Engineering students master space with European Space Agency The Engineer


Engineering students have been learning valuable skills including project management, system engineering principles and space science at the European Space Agency Academy’s Training and Learning Facilities in Belgium.

European Space Agency
PHP Cubed at ESA Academy’s Training and Learning Facilities (Pic: University of Brighton)

The three aeronautical and two mechanical engineering masters degree students spent four days at ESEC-Galaxia in Redu, Belgium, in preparation to test their technology in zero-gravity in Bordeaux, France in the Autumn.

During their time in Belgium, the University of Brighton students – whose project team name is PHP Cubed – have gained insights from industry experts and taken part in space-based activities including walking on the surface of the ‘moon’ via a virtual reality headset.

PHP Cubed (Liam Ardagh, Georgie Crewdson, Tom Critchley, Mateo Pontecorvo and Alex Evans) are one of two teams in Europe that will sample their technology in zero-gravity via parabolic flight operator NoveSpace’s A300 Zero-G aircraft as part of ESA’s educational Fly Your Thesis! programme.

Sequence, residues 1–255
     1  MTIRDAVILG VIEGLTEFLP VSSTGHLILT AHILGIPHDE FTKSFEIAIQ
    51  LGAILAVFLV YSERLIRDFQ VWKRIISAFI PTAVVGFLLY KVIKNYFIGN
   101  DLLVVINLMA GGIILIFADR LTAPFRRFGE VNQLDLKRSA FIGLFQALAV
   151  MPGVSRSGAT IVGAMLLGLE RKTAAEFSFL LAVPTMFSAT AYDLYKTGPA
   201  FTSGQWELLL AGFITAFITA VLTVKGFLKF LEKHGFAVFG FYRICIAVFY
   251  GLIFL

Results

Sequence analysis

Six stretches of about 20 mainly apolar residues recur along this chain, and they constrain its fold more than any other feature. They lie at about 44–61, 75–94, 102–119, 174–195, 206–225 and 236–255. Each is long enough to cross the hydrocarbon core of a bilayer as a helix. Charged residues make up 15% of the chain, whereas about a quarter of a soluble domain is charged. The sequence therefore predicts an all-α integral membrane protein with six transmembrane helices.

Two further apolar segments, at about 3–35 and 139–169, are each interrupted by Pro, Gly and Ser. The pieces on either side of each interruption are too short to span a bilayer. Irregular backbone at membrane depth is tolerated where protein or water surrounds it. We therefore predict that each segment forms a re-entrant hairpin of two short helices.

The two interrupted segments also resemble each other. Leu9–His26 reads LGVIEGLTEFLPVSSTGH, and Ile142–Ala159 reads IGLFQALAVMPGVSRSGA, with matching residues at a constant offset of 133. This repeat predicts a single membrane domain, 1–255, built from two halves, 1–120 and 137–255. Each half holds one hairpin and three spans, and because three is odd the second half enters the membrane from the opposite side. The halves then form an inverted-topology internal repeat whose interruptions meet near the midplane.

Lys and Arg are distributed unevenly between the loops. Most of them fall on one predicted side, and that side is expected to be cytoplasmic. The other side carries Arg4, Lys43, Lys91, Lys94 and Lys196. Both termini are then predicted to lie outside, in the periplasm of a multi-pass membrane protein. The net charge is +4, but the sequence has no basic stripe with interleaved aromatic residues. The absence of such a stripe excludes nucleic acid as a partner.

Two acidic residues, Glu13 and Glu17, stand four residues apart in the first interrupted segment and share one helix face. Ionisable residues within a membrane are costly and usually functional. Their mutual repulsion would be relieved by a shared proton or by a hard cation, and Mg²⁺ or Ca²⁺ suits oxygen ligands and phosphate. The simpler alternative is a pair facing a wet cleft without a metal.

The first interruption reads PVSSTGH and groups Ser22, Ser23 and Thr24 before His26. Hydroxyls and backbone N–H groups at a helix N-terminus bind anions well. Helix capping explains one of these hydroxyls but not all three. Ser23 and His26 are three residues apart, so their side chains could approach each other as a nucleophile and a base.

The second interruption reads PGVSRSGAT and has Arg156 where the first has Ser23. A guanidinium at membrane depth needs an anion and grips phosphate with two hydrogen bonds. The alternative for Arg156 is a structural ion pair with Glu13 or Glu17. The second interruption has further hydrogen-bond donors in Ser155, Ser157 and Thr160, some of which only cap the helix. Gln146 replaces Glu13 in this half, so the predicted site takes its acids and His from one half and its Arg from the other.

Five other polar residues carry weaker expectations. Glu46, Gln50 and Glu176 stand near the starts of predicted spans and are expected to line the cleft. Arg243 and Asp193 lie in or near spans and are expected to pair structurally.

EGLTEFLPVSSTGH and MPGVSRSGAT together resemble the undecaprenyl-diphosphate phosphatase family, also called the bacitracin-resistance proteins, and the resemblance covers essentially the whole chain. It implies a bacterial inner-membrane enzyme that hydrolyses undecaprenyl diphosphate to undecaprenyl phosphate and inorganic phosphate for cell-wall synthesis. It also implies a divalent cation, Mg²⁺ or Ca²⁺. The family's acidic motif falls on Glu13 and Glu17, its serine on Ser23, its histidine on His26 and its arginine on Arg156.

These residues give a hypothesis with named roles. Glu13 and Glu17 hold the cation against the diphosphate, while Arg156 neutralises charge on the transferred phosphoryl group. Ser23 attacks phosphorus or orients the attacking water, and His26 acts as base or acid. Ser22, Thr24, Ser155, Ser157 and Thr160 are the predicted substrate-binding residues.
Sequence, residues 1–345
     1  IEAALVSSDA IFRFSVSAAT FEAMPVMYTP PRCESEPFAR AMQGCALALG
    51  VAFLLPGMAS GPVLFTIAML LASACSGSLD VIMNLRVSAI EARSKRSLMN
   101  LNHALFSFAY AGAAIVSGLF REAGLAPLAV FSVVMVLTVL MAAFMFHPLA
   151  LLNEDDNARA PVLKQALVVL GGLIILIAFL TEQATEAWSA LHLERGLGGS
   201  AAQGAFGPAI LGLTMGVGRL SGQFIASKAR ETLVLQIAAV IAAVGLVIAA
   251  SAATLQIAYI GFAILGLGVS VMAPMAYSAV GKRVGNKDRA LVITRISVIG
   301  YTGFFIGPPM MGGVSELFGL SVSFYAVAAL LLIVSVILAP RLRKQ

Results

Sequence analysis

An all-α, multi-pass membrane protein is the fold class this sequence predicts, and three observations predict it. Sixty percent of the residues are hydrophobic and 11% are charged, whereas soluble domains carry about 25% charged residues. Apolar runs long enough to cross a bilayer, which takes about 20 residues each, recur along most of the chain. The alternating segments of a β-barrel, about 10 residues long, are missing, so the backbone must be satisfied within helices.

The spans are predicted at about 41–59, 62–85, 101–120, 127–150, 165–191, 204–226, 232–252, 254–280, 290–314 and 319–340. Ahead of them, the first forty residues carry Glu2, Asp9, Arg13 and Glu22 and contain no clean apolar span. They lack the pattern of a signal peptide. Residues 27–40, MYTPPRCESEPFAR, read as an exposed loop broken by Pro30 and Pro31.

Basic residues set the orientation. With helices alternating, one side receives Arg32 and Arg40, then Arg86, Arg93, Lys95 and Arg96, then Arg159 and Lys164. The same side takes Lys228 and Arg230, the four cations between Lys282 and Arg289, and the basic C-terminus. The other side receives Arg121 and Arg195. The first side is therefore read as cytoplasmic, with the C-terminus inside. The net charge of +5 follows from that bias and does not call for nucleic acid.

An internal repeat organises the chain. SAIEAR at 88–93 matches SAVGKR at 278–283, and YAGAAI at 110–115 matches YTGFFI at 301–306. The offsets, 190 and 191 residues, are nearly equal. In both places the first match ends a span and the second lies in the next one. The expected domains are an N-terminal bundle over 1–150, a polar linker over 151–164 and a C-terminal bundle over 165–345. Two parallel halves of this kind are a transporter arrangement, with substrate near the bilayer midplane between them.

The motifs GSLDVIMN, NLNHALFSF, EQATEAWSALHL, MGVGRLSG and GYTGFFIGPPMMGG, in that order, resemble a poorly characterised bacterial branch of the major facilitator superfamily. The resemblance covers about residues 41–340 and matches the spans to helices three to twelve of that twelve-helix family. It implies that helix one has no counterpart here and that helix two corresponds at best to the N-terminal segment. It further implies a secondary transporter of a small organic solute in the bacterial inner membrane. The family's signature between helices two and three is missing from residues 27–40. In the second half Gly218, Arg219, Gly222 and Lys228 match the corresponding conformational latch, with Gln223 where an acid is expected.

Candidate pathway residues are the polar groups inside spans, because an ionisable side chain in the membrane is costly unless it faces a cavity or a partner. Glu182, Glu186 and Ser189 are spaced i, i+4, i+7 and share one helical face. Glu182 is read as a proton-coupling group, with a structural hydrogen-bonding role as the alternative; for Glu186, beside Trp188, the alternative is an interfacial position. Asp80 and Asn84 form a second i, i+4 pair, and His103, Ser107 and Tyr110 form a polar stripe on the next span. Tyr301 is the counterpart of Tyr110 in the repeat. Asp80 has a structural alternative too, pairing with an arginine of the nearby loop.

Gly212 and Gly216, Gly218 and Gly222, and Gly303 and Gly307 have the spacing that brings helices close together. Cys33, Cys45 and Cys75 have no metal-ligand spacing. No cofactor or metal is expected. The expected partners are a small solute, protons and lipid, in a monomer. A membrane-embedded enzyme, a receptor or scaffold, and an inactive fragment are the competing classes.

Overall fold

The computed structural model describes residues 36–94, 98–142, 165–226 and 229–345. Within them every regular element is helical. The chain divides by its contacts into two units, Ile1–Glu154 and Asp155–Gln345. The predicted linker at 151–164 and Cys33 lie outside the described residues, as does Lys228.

Liam said: “Time at the ESA training academy in Redu has provided us with invaluable information essential to the progression of our project.

“Interacting with experts from not only the European Space Agency but also from NoveSpace has been an amazing experience. Now we look forward to the flights.”

PHP Cubed’s project will test a novel passive heat management system, scaled down for a nanosatellite application.

If successful, this system allows sensitive components to be cooled and temperatures to be managed without the need for a power supply or moving parts – a crucial factor in keeping down weight and size in nanosatellites that can weight as little as one kilogram.

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Georgie said: “This project has huge scientific potential, and the data we collect may change the way we design nanosatellites and contribute to the innovation of space tech design.

“Our experiment will also provide a legacy for future students to build upon and innovate even further.”

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